Canadian Blood Services Lifts Ban on Gay Men Donating Blood

Earlier this week Canadian Blood Services announced they would be lifting the ban on gay men donating blood. It’s been a contentious issue in Canada, especially over the past decade as LGBT rights have progressed. While the 30 year old ban hasn’t been completely lifted, men who sleep with men (MSM), will be able to […]

HomoCulture Brian Webb

This article was published on May 24th, 2013

Canadian Blood Services logoEarlier this week Canadian Blood Services announced they would be lifting the ban on gay men donating blood. It’s been a contentious issue in Canada, especially over the past decade as LGBT rights have progressed. While the 30 year old ban hasn’t been completely lifted, men who sleep with men (MSM), will be able to donate blood if they have been abstinent for at least five years will be allowed to donate blood.

Canadian Blood Services and Hema-Quebec received the approval on Wednesday from Health Canada. Health Canada consulted stakeholders for several years to develop the new policy. The primary concern was to keep harmful pathogens out of the blood supply.

The ban again MSM donating blood was instituted in the 1980’s when the Red Cross, who at the time was responsible for the supply of blood in Canada, recognized that HIV/AIDS was on the rise in Canada, and the untreatable disease could be contracted through blood transfusions.

After a public inquiry was held, the Red Cross was found guilty for not implementing adequate screening and testing procedures after hundreds of Canadians were infected with HIV and hepatitis C. The incident with the Red Cross cast a dark shadow over the organization for many years until they were replaced by the Canadian Blood Services, who is now responsible for the collection, testing, and management of blood in Canada. Given the history in Canada on blood safety, the changes have been a long and arduous process.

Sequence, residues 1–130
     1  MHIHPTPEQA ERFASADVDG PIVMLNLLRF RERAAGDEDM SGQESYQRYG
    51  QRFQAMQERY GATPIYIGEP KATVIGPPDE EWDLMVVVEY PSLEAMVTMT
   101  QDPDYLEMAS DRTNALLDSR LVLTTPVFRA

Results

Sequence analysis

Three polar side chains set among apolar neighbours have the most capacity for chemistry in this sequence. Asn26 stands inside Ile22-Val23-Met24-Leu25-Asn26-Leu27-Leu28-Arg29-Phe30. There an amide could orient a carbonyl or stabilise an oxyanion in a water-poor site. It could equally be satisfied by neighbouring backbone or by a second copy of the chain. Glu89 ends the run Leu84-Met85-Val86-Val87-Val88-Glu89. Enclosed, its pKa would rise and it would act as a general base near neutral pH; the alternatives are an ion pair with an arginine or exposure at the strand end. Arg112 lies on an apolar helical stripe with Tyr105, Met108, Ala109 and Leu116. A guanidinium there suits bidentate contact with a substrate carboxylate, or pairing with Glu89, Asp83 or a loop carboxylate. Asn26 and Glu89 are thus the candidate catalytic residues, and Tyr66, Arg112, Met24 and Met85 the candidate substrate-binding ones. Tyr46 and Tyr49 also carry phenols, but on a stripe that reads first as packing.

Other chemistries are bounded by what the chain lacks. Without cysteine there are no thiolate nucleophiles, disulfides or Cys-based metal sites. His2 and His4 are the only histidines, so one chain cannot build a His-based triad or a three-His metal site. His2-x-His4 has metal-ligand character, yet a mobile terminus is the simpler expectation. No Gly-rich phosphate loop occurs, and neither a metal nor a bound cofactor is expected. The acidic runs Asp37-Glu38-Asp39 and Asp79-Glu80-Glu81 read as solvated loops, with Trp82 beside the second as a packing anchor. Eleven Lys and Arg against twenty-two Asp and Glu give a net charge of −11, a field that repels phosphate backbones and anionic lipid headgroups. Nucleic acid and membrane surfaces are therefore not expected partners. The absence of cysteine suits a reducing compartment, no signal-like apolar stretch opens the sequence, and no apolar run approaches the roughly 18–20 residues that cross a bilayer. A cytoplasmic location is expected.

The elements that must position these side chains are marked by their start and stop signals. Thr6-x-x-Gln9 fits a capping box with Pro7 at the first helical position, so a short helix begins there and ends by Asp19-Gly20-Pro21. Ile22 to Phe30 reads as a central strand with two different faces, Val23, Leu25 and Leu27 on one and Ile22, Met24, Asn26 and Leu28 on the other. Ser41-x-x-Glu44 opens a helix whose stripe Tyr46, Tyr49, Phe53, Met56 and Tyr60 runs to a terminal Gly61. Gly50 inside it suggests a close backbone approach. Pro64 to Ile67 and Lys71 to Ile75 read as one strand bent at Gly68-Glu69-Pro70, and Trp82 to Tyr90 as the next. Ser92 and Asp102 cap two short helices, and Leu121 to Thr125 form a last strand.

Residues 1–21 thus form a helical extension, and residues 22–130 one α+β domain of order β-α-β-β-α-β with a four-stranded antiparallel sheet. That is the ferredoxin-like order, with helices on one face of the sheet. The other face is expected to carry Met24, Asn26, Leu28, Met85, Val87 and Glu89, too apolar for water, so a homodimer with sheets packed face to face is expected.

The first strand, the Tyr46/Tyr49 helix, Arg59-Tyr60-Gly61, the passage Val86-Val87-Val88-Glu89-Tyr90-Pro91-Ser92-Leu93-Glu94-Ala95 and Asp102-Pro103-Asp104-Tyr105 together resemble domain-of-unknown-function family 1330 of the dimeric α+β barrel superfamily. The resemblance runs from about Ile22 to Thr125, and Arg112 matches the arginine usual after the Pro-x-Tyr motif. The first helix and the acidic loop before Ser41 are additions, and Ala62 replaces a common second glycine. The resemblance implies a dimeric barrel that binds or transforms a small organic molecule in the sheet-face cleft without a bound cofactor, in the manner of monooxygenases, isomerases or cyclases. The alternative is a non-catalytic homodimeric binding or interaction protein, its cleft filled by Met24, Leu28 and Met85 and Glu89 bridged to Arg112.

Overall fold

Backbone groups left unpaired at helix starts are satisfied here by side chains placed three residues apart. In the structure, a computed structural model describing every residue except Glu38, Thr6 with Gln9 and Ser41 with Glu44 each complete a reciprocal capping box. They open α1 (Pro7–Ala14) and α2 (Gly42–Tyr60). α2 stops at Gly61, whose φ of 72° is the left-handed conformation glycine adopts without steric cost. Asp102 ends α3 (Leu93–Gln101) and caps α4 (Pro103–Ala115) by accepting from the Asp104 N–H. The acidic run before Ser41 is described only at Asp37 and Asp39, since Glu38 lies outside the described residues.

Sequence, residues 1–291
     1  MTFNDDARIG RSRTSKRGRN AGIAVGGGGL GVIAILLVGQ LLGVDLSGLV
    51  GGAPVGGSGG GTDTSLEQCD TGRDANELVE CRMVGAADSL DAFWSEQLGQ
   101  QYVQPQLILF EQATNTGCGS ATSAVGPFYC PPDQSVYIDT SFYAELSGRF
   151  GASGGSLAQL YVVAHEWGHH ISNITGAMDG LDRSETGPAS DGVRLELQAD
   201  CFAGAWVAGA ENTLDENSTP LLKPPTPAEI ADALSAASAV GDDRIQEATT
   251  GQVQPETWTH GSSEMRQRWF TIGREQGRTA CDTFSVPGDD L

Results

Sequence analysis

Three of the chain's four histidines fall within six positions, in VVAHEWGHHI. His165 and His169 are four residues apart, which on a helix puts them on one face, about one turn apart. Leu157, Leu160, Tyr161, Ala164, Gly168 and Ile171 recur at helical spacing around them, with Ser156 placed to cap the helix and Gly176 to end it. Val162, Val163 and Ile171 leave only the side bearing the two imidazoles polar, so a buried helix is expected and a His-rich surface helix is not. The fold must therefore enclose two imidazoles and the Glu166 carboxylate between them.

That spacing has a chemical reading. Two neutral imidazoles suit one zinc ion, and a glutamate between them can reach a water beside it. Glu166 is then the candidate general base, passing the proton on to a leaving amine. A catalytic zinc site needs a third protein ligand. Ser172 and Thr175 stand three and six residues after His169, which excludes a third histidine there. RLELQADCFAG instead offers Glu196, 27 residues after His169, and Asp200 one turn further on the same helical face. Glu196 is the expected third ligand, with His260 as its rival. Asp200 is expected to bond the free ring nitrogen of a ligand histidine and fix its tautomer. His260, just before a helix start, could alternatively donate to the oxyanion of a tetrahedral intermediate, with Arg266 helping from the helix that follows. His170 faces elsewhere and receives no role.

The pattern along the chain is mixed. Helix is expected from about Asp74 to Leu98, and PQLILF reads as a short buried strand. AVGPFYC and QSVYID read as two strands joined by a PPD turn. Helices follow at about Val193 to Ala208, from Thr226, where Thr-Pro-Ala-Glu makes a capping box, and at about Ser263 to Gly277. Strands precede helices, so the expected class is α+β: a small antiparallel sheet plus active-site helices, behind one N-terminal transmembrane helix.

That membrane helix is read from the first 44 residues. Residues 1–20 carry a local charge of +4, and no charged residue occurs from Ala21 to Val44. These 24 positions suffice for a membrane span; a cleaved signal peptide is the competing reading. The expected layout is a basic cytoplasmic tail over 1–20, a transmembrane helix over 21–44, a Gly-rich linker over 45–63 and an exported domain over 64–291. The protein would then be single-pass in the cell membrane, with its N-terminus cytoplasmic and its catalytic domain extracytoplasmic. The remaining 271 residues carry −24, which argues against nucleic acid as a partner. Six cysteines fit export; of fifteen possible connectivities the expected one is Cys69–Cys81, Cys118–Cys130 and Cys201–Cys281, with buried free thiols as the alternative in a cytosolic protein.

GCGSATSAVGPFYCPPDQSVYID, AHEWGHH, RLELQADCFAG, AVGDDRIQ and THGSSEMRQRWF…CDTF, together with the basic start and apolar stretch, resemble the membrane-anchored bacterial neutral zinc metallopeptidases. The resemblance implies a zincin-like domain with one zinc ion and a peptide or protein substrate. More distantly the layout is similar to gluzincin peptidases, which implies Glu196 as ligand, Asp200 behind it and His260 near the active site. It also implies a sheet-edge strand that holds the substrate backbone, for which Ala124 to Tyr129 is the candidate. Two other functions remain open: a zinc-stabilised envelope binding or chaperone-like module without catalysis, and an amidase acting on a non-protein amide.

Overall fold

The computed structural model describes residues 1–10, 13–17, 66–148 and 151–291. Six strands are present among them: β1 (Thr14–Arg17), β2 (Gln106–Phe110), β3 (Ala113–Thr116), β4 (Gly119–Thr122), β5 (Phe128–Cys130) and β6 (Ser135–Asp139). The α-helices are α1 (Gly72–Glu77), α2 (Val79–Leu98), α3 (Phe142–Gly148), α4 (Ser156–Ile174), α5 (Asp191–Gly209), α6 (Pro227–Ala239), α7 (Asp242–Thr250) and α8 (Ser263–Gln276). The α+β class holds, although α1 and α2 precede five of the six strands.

“So the message to them today is simply to bear with us,” said Dana Devine, vice president of medical, scientific, and research affairs at the Canadian Blood Services. “We are working toward attempting to make the opportunity for additional people to donate blood. We just aren’t quite there yet for that group of people.”

The new policy will allow men who have been raped by other men and men who have experimental sexual encounters with other men more than five years ago to now donate blood. The policy does not allow for men who are in long-term, monogamous relationships to be able to donate blood.

“I think it’s a step in the right direction regarding non-discrimination and stigmatization of gay men,” said Dr. Mark Wainberg, HIV researcher at McGill University and former president of the International AIDS society.

While this is a giant step forward in Canada, other countries such as Australia and the United Kingdom allow men who have not slept with other men for at least one year, and in South Africa it’s as short as six months. The United States still has a full lifetime ban, which was at the centre of attention at the 2012 LA Pride Festival.

 

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